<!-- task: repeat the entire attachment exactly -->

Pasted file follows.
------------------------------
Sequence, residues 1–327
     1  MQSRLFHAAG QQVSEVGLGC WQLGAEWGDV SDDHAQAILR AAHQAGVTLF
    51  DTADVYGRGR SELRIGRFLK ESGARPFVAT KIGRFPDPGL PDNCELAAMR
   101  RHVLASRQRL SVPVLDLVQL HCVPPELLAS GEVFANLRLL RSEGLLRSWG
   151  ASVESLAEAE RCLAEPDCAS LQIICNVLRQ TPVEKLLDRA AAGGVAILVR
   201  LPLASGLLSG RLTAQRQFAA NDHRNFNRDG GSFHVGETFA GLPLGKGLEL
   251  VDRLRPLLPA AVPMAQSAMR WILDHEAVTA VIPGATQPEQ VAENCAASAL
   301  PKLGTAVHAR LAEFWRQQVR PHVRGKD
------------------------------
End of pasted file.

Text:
Sequence, residues 1–327
     1  MQSRLFHAAG QQVSEVGLGC WQLGAEWGDV SDDHAQAILR AAHQAGVTLF
    51  DTADVYGRGR SELRIGRFLK ESGARPFVAT KIGRFPDPGL PDNCELAAMR
   101  RHVLASRQRL SVPVLDLVQL HCVPPELLAS GEVFANLRLL RSEGLLRSWG
   151  ASVESLAEAE RCLAEPDCAS LQIICNVLRQ TPVEKLLDRA AAGGVAILVR
   201  LPLASGLLSG RLTAQRQFAA NDHRNFNRDG GSFHVGETFA GLPLGKGLEL
   251  VDRLRPLLPA AVPMAQSAMR WILDHEAVTA VIPGATQPEQ VAENCAASAL
   301  PKLGTAVHAR LAEFWRQQVR PHVRGKD